This pattern can likely be ascribed to the following reasons. First, as companies tend to encourage seeds to describe their experiences with a new focal product in as much detail as possible, the seeds may talk more about specific product functionalities and features rather than about overall desirability. Second, seeds are typically expected to describe the usual sequence of obtaining a focal product sample, unwrapping it, inspecting it, trying it and examining whether the product worked as intended. In doing so, it is also more likely that they will adopt a narrower perspective.

 

Marketers tend to consider only positive spillovers to be beneficial for a company, but negative spillovers should not be immediately classified as “bad news.”

Product type and spillover effects
Our understanding of the psychological mechanism behind the negative brand and category effects has allowed us to predict for which products these effects would be stronger or weaker. Specifically, the effects should be stronger when it is easier for seeds to describe their product experiences in a functional sense. Products of a more functional nature, such as face cream or mascara, are relatively easier for seeds to describe in more concrete and narrow terms that focus on attributes, functionality and performance. It would be much harder to describe primarily hedonic products (such as perfume) in such way. Consequently, marketers should expect that negative brand and category spillover effects will be stronger when the focal product is of a more functional nature. Our empirical results support these arguments.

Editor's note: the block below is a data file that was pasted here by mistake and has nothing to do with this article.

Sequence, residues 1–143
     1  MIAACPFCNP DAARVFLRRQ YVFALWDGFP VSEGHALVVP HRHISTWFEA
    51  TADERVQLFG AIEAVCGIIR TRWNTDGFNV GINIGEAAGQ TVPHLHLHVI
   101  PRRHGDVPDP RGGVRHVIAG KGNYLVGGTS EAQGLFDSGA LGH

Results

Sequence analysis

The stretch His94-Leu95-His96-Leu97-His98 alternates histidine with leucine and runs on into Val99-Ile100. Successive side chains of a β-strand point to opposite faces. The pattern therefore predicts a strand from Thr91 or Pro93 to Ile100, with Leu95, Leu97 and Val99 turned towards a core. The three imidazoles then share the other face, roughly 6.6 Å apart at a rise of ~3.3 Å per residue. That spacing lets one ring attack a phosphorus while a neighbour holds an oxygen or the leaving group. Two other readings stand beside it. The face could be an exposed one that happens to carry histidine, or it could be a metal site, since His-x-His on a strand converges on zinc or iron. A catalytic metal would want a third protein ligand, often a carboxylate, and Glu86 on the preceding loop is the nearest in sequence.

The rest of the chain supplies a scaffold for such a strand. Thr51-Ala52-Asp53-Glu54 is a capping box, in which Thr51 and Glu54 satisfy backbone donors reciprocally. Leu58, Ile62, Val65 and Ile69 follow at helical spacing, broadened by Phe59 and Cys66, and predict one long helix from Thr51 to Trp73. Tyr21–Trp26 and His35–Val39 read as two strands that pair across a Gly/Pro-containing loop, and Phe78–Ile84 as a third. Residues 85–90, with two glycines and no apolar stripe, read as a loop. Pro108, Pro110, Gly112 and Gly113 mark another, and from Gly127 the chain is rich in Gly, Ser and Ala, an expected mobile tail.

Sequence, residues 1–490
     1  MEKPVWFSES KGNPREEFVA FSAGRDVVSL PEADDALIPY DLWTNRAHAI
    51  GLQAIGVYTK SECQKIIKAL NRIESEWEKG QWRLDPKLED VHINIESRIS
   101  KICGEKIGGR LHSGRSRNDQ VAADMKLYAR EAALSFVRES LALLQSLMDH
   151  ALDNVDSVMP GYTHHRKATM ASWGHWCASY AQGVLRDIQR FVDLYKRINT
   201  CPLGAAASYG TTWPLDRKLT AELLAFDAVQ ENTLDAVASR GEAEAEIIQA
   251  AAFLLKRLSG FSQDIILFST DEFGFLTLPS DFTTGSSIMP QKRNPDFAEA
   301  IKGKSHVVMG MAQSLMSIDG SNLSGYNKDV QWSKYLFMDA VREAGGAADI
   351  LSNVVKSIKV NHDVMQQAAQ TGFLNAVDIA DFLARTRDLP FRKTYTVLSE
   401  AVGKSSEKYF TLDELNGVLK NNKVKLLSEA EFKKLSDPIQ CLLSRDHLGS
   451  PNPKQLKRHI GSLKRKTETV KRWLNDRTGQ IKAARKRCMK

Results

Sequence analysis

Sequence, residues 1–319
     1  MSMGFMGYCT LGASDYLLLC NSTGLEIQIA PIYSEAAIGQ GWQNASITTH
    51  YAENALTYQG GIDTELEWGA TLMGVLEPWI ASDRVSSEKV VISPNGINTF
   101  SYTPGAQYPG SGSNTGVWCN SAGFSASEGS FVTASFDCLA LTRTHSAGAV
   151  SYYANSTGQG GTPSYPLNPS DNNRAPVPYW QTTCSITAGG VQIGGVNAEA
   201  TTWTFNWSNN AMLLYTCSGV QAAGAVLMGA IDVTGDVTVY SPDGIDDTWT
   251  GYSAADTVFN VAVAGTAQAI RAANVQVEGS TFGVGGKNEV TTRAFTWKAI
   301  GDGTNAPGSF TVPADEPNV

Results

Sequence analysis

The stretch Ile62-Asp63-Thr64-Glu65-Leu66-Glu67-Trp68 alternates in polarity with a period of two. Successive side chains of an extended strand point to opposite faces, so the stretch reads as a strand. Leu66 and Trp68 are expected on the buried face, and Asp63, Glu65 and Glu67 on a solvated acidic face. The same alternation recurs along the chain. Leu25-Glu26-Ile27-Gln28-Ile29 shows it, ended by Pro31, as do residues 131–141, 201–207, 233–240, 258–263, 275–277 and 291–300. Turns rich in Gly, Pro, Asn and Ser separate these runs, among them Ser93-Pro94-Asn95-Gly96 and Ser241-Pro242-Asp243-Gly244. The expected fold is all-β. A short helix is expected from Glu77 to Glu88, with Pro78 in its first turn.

The positive aspects of negative spillovers
Marketers tend to consider only positive spillovers to be beneficial for a company, but negative spillovers should not be immediately classified as “bad news.” There are upsides to this effect that managers can use in their favor.

  • Negative spillovers help concentrate attention on one specific product